Florin Grecu: The youth has predetermined the political change in Romania with its vote on 26 May

Florin Grecu (photo: Florin Grecu)

An interview with the Romanian political scientist from the Hyperion University in Bucharest on the European elections and the condemnation of Liviu Dragnea – what happened and what should we expect in the near future

Vladimir Mitev

Florin Grecu is a lector doctor in the Hyperion University in Bucharest. He teaches political science – political parties, electoral analysis, European governance, international governance. He has graduated from the Faculty of Political Science at the Bucharest University. His doctorate thesis is ”The construction of an unique party: The National Renaissance Front”.

Mr. Grecu, at the European parliamentary elections in Romania we have observed a great mobilisation of the right-wing forces, while the electorate of the Social Democratic Party (PSD) didn’t mobilise. Why did the first mobilisation take place and why the second one didn’t happen?

What we talk about is a mobilisation of the pro-referendum (on justice – note of the translator) forces, especially of the right-wing parties and a weaker mobilisation of the anti-referendum camp, while the president Klaus Iohannis connected the referendum on justice with the European parliamentary elections. A paradoxical situation unfolded. PSD fell down, while PNL won. The explanation is that a lot of PSD mayors didn’t agree with Liviu Dragnea’s policies and supported other parties – PNL (member of European People’s Party – vote of the translator), Pro Romania (the party of former PSD leader Victor Ponta who withdrew from PSD – note of the translator). Not only the referendum was validated, but the European parliamentary elections were won by the right-wing forces – PNL and USR/Plus. Now there is a motive for vote of inconfidence against the government Dancila.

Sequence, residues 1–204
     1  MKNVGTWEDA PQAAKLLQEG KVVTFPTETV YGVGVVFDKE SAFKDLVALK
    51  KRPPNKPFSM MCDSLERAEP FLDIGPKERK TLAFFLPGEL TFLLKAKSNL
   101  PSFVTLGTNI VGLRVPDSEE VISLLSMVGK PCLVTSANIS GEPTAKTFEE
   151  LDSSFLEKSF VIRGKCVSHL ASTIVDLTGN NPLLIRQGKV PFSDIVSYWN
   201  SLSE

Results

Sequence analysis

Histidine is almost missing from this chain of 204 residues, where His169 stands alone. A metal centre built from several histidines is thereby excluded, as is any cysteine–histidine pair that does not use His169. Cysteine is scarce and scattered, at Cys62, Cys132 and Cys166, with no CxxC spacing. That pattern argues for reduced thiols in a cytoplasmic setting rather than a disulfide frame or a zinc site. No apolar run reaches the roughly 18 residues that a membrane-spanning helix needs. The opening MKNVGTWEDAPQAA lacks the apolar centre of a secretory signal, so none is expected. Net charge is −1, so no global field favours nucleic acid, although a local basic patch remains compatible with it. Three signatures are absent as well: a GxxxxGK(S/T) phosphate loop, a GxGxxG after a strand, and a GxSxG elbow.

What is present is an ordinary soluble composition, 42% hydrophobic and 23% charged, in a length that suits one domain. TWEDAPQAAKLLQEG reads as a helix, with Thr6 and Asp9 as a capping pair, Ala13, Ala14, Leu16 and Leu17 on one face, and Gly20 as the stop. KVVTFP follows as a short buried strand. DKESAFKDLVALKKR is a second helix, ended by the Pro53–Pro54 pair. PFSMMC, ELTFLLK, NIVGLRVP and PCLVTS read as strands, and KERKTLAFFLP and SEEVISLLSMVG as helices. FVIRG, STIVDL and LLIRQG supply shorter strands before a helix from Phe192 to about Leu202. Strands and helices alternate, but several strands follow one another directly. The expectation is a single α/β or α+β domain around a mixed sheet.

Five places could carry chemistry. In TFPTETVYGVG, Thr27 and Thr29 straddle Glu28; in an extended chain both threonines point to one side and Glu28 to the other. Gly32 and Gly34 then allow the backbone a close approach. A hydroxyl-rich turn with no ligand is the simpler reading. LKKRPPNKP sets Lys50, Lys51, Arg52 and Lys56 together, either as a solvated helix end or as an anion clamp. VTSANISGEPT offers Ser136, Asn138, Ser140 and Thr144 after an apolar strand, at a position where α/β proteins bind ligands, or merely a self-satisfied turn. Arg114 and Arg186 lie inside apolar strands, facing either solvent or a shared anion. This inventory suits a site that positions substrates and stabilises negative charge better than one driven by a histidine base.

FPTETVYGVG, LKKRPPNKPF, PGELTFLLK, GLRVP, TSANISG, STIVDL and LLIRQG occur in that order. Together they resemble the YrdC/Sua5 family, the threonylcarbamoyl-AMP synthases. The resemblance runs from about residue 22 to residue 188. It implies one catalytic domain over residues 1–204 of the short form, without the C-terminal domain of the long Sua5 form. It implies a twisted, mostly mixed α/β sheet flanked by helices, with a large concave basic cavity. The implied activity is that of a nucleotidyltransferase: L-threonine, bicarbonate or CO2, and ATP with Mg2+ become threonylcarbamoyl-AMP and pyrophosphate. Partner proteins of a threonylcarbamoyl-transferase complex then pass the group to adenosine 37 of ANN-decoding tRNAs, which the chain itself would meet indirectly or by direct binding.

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Caught in the dilemma ”technocrats against populists”

Technocracy is associated with finance in Western Europe, while in South-East Europe it is affiliated with justice and security (foto: Pixabay, CC0)

Will the campaign for the EU Parliament elections be framed in a way suitable for the rotten status-quo?

Vladimir Mitev

This article was published on 13 February 2019 on the Bulgarian section of the site ”The Barricade”. 

The forthcoming elections for the European Parliament reveal the division lines in Romanian and Bulgarian politics. The traditional political confrontation between the left and the right is being displaced by other types of discourse – euro-optimists against eurosceptics, new and young against old, liberals and progressives against conservatives and finally, technocrats against populists.

The picture becomes interesting, however, once we focus on the details. The ideological confrontation in Romania seems clearly articulated. In Bulgaria various political ideas often coexist in the same party. This is why oftentimes political structures in this country are named after the restaurants where businessmen and politicians gather to discuss their projects. The political battle is over who will sit at the table of power and that is why the differences between liberals and conservatives are mostly in the label.

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